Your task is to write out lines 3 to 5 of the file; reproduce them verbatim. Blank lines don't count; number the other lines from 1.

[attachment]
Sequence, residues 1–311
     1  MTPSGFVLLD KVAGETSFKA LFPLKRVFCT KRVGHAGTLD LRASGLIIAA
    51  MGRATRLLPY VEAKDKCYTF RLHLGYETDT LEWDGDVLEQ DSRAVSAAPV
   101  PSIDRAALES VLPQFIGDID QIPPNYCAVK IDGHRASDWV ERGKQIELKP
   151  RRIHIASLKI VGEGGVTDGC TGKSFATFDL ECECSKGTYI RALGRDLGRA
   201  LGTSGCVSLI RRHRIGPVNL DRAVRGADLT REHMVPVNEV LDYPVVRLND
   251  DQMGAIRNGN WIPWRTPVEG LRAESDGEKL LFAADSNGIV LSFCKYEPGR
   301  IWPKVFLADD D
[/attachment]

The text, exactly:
    51  MGRATRLLPY VEAKDKCYTF RLHLGYETDT LEWDGDVLEQ DSRAVSAAPV
   101  PSIDRAALES VLPQFIGDID QIPPNYCAVK IDGHRASDWV ERGKQIELKP
   151  RRIHIASLKI VGEGGVTDGC TGKSFATFDL ECECSKGTYI RALGRDLGRA